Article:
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Dianne, please contact your Dad’s doctor rather than “popping” in antibotics in at random. I’ve had four infections since December, and they’ve been taken very seriously. I spent five days in hospital on IV antibiotics for the first one, and for the next two I was taking Flagyl and Cipro four times a day.
The source of the infection is not necessarily the stent. In fact, despite doing CT scans on each occasion, they haven’t really pinpointed the source of mine, and I have an appointment with an infectious disease specialist next week to see if he can get to the bottom of it. Also, my medical oncologist has decided that the risk of sepsis is too great to continue with chemotherapy.
I hope your Dad’s doctor can get to the bottom of this. My infections made me feel absolutely wretched, and each time it seems to take longer to claw myself back.
Nancy, please don’t worry about the chemo. I’m starting my fourth cycle of Gemcitabine and Cisplatin on Thursday (once a week for two weeks and then a week off), and there’s nothing to be scared about. Be sure you know what the side effects are and how to deal with them (including when you should call your doctor). You should be prescribed an anti-nausea drug (I take Zofran), and be sure you can take one before the chemo drugs are transfused.
The biggest side-effect I’ve experienced is fatigue, and that builds after the second treatment and eases off during the third week of the cycle. It’s more of a nuisance than anything. I’ve had a couple of abdominal infections that have been much more troublesome.
By the time my cancer was discovered, palliative chemo was the only recourse
I recently finished a three-week course of those antibiotics (sometimes referred to as Flagyl and Cipro) for an abdominal infection. I felt pretty dragged out (a combination of the infection and the drugs), but I’m fine now, and I recently finished my next course of chemo, which my oncologist had delayed for the first two weeks. I was warned that Cipro is hard on your stomach, so Marc should be sure to have something to eat before he takes it
Keep monitoring Marc’s temperature and if it goes above 100.4March 13, 2010 at 2:24 am in reply to: curious…anyone taking cholesterol meds been diagnosed with cc? #30653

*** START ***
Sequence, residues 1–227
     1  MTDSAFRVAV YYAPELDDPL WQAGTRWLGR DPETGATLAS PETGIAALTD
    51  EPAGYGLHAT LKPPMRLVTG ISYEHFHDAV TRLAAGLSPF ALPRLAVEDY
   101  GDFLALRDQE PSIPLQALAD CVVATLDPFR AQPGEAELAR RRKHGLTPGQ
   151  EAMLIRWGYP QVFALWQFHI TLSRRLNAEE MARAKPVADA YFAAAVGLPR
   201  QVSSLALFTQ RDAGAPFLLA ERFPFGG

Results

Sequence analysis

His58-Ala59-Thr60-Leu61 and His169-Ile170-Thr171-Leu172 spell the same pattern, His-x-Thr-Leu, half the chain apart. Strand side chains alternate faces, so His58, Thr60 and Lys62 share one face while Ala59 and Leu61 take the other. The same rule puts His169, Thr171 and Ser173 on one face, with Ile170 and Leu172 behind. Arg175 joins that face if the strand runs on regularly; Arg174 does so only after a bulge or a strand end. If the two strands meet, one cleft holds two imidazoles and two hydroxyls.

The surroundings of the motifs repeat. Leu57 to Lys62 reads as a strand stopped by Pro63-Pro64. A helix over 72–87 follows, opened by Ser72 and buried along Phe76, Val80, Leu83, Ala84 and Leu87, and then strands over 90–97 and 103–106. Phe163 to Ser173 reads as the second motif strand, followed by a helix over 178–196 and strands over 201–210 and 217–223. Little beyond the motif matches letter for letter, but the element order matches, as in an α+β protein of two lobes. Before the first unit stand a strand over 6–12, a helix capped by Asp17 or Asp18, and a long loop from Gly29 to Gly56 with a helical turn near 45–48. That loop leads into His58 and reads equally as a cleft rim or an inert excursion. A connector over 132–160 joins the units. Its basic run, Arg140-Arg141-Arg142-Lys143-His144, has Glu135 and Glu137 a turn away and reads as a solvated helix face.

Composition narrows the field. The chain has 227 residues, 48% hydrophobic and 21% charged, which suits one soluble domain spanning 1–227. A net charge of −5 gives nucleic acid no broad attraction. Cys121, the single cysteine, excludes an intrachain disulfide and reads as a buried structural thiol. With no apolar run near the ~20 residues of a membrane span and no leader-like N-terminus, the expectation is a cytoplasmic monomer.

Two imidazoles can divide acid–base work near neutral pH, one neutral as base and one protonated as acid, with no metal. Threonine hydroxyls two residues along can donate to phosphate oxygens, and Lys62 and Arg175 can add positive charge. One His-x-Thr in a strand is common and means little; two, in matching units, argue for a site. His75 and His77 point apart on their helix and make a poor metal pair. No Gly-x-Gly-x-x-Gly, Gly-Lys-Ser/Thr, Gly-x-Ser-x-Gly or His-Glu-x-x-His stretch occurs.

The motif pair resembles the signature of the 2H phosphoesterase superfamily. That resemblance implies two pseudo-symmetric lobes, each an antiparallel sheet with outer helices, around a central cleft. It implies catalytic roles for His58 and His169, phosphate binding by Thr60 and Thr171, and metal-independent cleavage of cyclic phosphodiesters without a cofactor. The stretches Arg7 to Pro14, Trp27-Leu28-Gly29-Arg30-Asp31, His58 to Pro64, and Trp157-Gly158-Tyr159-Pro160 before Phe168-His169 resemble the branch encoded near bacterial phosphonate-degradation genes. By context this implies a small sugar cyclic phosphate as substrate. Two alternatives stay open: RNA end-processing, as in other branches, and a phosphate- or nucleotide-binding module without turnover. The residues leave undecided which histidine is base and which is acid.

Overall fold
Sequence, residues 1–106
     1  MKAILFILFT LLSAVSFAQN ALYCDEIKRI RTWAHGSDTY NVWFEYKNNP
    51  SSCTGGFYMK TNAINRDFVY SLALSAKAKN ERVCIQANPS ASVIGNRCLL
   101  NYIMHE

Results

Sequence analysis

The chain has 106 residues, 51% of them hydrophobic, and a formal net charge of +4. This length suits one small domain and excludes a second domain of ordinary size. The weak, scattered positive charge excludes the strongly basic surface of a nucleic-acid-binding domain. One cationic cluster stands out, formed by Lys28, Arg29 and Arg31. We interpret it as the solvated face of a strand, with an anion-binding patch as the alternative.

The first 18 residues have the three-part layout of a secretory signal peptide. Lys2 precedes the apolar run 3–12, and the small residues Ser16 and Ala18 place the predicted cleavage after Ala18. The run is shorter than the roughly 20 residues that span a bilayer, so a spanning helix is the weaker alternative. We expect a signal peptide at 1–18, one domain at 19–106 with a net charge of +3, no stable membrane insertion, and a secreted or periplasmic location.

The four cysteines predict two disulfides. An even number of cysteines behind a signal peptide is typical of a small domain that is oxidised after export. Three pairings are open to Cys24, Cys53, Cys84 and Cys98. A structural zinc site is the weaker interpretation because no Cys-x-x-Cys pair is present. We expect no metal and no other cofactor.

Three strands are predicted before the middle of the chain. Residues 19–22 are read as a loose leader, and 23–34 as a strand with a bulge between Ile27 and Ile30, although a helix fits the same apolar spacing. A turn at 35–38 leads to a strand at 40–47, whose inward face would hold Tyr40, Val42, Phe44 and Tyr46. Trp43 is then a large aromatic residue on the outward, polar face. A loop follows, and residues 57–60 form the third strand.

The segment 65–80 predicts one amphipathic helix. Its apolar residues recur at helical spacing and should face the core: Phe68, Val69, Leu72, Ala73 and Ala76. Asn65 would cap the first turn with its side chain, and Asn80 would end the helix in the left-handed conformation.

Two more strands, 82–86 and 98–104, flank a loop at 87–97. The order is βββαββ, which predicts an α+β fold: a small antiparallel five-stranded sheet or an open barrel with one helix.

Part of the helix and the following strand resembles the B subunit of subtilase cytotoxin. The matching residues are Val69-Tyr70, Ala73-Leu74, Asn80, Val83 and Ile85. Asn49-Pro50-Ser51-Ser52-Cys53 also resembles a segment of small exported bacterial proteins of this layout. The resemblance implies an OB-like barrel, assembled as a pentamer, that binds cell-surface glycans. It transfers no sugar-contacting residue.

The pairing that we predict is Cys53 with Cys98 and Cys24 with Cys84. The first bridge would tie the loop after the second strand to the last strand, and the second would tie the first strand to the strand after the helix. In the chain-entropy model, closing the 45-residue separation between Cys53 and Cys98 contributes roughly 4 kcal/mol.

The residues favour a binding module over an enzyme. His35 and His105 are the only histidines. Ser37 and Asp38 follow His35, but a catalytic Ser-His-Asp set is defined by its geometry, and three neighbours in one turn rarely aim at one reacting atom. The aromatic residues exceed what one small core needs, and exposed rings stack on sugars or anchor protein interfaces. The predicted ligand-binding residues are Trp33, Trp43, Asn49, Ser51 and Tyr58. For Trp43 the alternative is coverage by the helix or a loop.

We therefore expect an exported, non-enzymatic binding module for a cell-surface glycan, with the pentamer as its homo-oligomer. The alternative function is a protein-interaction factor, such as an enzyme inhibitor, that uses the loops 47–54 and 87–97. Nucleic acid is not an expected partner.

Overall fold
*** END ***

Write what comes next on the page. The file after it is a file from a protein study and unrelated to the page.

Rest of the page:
Lainy, you might be interested in this summary of an article about women and statin use: http://www.cwhn.ca/en/node/39417. There’s a link to a pdf of the full article at the bottom of the page.
Edited to add: The main report discusses cancer, which the summary does not.March 12, 2010 at 2:29 pm in reply to: curious…anyone taking cholesterol meds been diagnosed with cc? #30650
There is a lot of controversy about the efficacy of cholesterol-lowering drugs. The relationship between fats, cholesterol, and heart disease is still not thoroughly known. Several large studies have shown that there
Hi Julie, Gemzar is also called Gemcitabine. In combination with Cisplatin, it’s a treatment of choice for inoperable bile duct and gallbladder cancer. I live in Canada, and that’s the treatment I’m getting. When suggesting it, my oncologist told me about a paper presented last year to the American Society of Clinical Oncology. Here’s a link to the article, which calls it “the worldwide standard of care” for advanced or metastatic biliary tract cancer: http://journals.lww.com/oncology-times/Fulltext/2009/08101/Biliary_Tract_Cancer__Gemcitabine_Cisplatin_Called.15.aspx
I’ve only begun my third cycle, and it’s too soon to tell if it’s working, but I’m finding the side effects to be very tolerable.
I hope this information helps.
Jeff, I can certainly relate to Marc’s wanting to go into work. I go in as often as I can, because it makes life seem a little more normal (and I feel a little less controlled by my condition). Don’t worry; when he’s really tired, he’ll know it. I’m on a three-week cycle of Gem/Cis, and I find the fatigue is worst just after the second treatment and lessens during the third week as my blood counts climb up.
Jeff, I wanted to address your worries about Marc’s chemotherapy. You should both find out as much as possible about the chemo drugs he will be given, their possible side-effects, and what to do about them (including which ones should be reported to your physician).
I’ve been lucky with the Gemcitabine-Cisplatin treatment that I’m on, and so far, I’ve experienced a sore tongue and few little mouth sores and fatigue. Fortunately, my oncologist’s orders include my being given anti-nausea medication before the chemo drugs and taking it for three days after. I actually eat better on those four days than I do the rest of the time. The sore mouth was because I got behind when symptoms first appeared, rather than rinsing my mouth with soda water frequently over the first few days (this works as well as salt or baking soda solutions and is much more convenient).
Best of luck to you both, and be sure to keep your lines of communication open. My husband has been wonderful, but I have to be careful that he’s not getting too stressed with all the details of everything he’s taken on
You might also check out the side-effects of the chemotherapy agents your mother is being given. The Cleveland Clinic’s Chemocare site at http://www.chemocare.com has excellent information on the various drugs and their side-effects. I’m on Gemcitabine and Cisplatin, and skin rash is one of the side effects of Gemcitabine.